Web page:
Ibrahim Gokcek, a member the radical left-wing Turkish band Grup Yorum, died on May 7, in a hospital in Istanbul after 324 days of death-fast. Gokcek had ended his hunger strike on May 5 and was taken to hospital for treatment. His death follows that of fellow band member Helin Bolek on 3 April, and ally Mustafa Kocak on 24 April.
In 1993, a truck carrying copies of Grup Yorum’s Album “Cesaret” was shot upon by the Turkish security forces. In the process, the copies of the album were deliberately broken into unrecognizable shards. This attack on the artistic object, in lieu of the artist, is not new in the history of fascism or dictatorships. One can refer to the Nazi book-burnings in Germany and Austria of the 1930s, the issuing of an arrest warrant by the then President of Kenya, Daniel Arap Moi, in 1987 for Matigari, a novel by Ngugi wa Thiong’o. Of course, the members of Grup Yorum are not strangers to state repression.
In the period following the failed 2016 coup, the members of the group had been hunted down, placed on terror watch list, arrested and the group banned. It is in the context of such severe repression of the Erdogan regime that we need to place the death-fast that the two members of the group Ibrahim Gokcek and Helin Bolek, which they had begun on May 17, 2019.
Bolek died on the 288th day of her fast, on April 3, 2020. Gokcek, died yesterday, on May 7, 2020, two days after he had ended his fast, based on the promise of the current government to let the group perform again in the country. Gokcek, in all, had conducted a 323 day hunger strike. At the time of his death, Gokcek was 41 years old, and he was one of the bass guitarists of the Grup Yorum group.
The death-fasting Grup Yorum members have the following demands:
* Remove the Grup Yorum members from the wanted lists of the Ministry
* Remove the ban on the concerts of Grup Yorum, all concerts of which have been banned for almost three years.
* Drop the lawsuits filed against Grup Yorum members
* End the police raids against İdil Cultural Center, which is constantly raided, and where the group is conducting its activities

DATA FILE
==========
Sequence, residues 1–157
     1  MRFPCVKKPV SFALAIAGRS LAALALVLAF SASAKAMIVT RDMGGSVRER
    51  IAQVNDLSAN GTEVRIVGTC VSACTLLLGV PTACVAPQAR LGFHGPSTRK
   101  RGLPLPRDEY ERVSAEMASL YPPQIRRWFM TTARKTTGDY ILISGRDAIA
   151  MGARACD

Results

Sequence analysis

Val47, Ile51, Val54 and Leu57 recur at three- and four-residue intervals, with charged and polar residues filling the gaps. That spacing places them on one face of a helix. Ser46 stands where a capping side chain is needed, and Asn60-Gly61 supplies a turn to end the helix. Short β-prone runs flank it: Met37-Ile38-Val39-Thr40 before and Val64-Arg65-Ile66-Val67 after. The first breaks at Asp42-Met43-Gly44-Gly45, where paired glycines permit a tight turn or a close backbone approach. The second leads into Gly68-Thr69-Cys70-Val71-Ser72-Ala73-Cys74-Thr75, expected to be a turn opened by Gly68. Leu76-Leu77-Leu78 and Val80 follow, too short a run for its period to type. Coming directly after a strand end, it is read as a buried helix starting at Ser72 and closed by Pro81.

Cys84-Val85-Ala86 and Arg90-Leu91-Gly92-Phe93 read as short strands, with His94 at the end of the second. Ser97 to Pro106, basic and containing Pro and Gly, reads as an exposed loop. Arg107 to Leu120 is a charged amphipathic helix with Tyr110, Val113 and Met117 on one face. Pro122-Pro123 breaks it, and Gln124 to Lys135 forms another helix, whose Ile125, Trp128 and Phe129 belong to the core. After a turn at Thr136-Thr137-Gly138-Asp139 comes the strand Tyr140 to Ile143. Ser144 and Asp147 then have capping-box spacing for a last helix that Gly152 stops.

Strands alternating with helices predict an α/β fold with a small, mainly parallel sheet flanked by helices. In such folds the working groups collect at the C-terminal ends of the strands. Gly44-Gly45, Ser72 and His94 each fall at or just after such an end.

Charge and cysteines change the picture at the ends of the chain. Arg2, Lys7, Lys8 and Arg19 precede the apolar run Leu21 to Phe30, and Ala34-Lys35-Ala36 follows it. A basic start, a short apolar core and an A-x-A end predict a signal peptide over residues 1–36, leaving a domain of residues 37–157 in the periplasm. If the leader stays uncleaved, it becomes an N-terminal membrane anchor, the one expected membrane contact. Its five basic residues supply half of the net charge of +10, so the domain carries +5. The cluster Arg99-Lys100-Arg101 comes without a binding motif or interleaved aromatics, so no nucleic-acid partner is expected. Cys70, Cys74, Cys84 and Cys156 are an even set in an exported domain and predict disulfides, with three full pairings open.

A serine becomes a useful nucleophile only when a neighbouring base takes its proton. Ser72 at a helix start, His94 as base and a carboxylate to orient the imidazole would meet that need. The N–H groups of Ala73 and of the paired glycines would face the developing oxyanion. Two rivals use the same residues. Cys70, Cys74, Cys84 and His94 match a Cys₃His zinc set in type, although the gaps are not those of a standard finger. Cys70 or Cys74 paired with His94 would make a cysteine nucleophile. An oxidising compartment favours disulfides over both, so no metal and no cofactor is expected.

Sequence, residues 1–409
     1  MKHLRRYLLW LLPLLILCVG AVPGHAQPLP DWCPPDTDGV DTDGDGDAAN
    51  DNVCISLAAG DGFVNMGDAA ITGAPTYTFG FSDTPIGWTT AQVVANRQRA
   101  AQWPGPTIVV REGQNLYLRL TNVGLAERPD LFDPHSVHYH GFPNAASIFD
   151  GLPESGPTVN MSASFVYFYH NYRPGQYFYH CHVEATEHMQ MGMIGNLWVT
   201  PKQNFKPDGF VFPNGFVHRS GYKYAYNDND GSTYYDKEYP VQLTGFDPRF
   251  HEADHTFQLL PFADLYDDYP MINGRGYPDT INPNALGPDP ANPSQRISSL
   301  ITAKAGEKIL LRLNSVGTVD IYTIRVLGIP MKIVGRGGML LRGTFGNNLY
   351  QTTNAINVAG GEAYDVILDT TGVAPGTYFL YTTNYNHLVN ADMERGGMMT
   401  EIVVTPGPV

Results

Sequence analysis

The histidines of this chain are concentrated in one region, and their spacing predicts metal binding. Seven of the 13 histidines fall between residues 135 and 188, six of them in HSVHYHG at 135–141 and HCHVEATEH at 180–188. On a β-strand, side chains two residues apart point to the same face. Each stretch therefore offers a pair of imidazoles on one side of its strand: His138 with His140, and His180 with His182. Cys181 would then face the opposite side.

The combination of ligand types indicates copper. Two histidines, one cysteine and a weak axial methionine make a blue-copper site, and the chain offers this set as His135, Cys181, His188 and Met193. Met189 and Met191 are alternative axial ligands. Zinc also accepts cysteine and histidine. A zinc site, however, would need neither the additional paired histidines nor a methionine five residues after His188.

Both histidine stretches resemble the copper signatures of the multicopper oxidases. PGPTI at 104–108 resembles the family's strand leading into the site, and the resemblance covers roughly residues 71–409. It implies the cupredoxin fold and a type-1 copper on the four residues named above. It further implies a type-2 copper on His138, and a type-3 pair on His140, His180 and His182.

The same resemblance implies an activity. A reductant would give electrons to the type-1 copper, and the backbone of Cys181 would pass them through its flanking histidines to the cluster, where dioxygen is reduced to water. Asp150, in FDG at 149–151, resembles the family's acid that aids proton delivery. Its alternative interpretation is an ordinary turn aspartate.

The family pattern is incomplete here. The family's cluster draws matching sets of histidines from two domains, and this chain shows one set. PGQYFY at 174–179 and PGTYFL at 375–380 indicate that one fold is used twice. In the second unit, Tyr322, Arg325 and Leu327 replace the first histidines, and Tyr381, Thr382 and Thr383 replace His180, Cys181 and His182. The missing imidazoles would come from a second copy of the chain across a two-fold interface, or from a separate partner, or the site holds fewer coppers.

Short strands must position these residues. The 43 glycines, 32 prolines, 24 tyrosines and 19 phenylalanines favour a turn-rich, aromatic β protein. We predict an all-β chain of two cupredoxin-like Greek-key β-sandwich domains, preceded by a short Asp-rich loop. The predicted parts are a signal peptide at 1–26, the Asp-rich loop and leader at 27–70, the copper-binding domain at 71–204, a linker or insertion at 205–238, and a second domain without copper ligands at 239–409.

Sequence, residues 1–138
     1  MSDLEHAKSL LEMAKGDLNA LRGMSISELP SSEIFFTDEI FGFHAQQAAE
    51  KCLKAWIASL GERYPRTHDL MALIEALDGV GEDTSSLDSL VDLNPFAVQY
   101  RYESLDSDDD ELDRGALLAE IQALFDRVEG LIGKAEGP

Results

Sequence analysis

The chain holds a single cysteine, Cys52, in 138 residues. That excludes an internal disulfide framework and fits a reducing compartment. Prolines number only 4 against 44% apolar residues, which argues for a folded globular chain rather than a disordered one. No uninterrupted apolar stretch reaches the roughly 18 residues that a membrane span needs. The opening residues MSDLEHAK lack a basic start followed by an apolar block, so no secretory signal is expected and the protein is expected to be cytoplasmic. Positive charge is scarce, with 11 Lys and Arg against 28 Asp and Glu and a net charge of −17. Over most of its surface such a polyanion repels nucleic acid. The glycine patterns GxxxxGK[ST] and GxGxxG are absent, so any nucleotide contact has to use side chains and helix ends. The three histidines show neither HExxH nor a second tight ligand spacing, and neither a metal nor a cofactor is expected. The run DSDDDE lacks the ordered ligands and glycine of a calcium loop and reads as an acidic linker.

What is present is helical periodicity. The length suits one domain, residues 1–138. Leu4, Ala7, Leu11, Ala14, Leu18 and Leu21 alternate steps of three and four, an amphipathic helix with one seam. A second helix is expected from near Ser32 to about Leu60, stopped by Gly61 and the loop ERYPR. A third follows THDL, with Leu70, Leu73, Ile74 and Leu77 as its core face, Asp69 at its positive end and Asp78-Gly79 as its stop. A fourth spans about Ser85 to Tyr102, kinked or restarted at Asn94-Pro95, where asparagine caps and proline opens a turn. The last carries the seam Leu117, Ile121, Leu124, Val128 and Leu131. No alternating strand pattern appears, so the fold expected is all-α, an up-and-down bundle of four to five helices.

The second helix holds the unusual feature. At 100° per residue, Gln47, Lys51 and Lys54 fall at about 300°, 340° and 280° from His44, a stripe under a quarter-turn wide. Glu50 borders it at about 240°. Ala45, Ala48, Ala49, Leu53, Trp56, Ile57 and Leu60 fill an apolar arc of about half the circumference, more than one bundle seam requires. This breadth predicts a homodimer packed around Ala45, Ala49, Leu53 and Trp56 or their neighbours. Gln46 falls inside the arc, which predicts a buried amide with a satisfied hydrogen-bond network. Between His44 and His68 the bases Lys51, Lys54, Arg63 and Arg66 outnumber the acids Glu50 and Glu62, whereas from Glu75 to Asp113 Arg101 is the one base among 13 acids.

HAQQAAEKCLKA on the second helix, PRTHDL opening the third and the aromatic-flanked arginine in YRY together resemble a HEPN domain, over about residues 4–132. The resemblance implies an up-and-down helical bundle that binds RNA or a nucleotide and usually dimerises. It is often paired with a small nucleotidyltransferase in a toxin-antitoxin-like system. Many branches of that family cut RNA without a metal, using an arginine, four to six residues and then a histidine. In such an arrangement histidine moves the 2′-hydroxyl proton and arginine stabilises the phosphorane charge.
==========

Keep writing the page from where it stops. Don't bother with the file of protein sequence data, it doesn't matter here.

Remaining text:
* Release all arrested Grup Yorum members (EMK/SD)
Bolen and Gokchek’s deaths communicate to us certain realities about current fascist regimes — lives of dissenters are dispensable. Consequently, the ethical-political premise upon which hunger strikes have often been historically conducted, as a significant strategy to put pressures on the governments, do not seem to be effective in that way anymore. One can think of the ruthless arrests that the current regime in India have recently conducted, using draconian laws, which were often originally weapons of the colonial administration. At the same time, the word “terrorist” has become a homogenized, blanket word which has been used by the regimes all over the world to throttle any kind of serious dissent and resistance.
Grup Yorum had especially been victimized because of their alleged links to Revolutionary People’s Liberation Party/Front (DHKP-C), a Marxist-Leninist group. In many ways, then, the repression that was mounted upon them by the Turkish state, testifies to a general Fascist fear of the Left, and the committed artists, who often subscribe to radical left ideologies. It would not be an exaggeration, then, to say, their arrests, the ransacking of the cultural centre that the Grup Yorum had constructed, by the Erdogan regime, falls in the same fascist continuum which began with the burning of books written by Karl Marx and Karl Kautsky in 1930s Germany and the recent proposal in India to ban trade unions and labour activism altogether.
Ibrahim Gokcek and Helin Bolek will be, then, remembered, not only as popular folk artists, who made complex socialist politics accessible to the people through their music, but also because they are artists, who did not hesitate to take a political stand. They literally put their bodies on the line. As much of a cliché as it sounds, Bolek’s and Gokcek’s memories would continue to inspire those who continues to build up resistances against fascism, sometimes at a great geographical remove from their original national contexts in Turkey.